The actress and author Andrea Sawatzki (60) cannot let go of the difficult years of her childhood. In 2022, the former “Tatort” detective looked back on the years before her successful start into acting in her autobiographical novel “Brunnenstrasse”. In it she talks about her life as the daughter of a destitute nurse and a father who suffered from Alzheimer's at an early age, which has had a great influence on her to this day. In an interview with “Bild” she gave more detailed insights into her situation at the time.
At the age of eight, she had to take responsibility for her sick and unpredictable father. "My mother was on night duty as a nurse in the hospital. She looked after my father during the day when I was at school and she was supposed to be sleeping," said Sawatzki. "I took over when I got home from school so she could get some sleep and then looked after my father through the night. When I was supposed to be sleeping."
The family burden had a drastic impact on her school performance. "I often didn't go at all because I was just too tired," admitted the actress. After her father's death, she immediately dropped out of school, moved to Munich and initially worked as a waitress. "It was also a good feeling to finally have our own money in our pockets," remembers Sawatzki, "because we were chronically broke at home."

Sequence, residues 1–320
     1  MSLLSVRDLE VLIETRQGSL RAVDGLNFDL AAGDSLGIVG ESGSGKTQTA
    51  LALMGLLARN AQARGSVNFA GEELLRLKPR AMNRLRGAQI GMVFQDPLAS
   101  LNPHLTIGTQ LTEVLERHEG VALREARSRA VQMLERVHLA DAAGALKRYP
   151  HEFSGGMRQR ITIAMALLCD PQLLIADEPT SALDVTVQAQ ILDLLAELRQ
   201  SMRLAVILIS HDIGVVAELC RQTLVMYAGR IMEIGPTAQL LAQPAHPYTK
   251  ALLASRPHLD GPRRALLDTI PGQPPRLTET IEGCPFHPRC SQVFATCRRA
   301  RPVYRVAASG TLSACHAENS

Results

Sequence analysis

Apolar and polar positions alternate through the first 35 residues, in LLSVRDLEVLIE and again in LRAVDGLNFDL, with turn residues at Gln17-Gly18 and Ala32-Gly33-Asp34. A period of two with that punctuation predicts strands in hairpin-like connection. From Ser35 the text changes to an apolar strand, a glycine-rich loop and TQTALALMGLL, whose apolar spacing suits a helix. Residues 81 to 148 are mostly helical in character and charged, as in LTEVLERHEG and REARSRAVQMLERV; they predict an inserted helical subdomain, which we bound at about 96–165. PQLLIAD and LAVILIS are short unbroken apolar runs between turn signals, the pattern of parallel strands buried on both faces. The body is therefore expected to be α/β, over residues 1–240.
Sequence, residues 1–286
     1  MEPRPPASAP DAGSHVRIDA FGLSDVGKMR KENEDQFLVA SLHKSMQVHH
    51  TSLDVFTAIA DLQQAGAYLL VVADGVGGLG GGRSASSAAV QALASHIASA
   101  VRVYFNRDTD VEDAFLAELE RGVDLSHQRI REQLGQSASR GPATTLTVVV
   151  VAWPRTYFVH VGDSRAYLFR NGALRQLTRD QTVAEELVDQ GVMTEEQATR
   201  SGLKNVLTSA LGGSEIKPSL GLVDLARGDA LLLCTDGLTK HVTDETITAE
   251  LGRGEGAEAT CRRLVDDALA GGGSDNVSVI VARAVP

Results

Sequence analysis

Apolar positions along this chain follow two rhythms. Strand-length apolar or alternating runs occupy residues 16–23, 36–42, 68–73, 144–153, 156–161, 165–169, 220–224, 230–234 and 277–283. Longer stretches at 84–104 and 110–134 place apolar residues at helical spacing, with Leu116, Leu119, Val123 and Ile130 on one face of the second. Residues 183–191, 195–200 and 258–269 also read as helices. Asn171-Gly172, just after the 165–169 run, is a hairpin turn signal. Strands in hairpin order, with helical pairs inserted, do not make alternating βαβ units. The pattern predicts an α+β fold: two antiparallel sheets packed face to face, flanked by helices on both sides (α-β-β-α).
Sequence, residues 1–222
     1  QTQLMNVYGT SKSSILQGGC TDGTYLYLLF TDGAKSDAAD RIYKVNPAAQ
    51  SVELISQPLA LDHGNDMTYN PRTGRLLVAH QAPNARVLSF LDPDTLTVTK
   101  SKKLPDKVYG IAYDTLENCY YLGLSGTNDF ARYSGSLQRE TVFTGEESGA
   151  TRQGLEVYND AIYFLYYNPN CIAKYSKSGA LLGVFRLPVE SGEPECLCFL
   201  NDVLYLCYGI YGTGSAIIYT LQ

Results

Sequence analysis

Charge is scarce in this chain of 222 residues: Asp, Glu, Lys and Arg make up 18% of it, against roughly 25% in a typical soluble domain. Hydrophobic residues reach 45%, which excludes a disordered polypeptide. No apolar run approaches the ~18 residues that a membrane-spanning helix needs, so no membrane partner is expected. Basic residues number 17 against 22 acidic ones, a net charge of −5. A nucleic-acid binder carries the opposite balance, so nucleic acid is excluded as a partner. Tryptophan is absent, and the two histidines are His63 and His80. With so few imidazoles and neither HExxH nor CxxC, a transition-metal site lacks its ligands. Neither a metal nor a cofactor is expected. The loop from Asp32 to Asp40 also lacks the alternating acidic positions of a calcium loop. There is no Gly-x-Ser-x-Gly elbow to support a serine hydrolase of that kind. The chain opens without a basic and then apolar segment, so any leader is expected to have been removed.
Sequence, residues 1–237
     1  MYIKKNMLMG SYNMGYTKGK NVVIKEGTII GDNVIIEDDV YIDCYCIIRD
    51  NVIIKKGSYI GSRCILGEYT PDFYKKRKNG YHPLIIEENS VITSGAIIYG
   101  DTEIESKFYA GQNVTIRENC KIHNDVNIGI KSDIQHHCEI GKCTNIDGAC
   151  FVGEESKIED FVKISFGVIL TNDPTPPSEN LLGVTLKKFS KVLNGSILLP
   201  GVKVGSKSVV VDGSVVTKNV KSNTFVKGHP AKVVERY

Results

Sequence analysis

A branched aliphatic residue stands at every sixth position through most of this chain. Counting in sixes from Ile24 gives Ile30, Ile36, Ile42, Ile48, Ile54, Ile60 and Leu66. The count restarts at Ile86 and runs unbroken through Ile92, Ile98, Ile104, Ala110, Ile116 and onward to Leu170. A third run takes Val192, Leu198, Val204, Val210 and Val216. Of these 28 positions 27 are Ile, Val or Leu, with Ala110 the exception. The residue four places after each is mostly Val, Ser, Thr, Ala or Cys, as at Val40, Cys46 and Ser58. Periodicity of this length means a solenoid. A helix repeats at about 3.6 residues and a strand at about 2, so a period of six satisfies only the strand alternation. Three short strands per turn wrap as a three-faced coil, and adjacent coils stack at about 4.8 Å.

The decisive turning point in her life came when she attended drama school, which she graduated from in 1987. After an engagement at the Landesbühne Wilhelmshaven, she landed her first major film roles and appeared in TV series such as "Der Fahnder", "Wolff's Revier" and "Adelheit and her murderers". Between 2001 and 2009 she portrayed the chief inspector Charlotte Singer in the Frankfurt crime thrillers “Tatort”. She can currently be seen as Gundula Bundschuh in the ZDF film series "The Bundschuh Family", which is based on her own novels.
As she reports in the interview, her life today as a successful actress and author is still strongly influenced by the experiences of her difficult childhood. "At first I thought I could escape my own life and hide behind my characters," says Sawatzki. "But around the age of 30, I realized that even in acting you always have to take yourself with you and that you can't play a role without bringing your own life into it."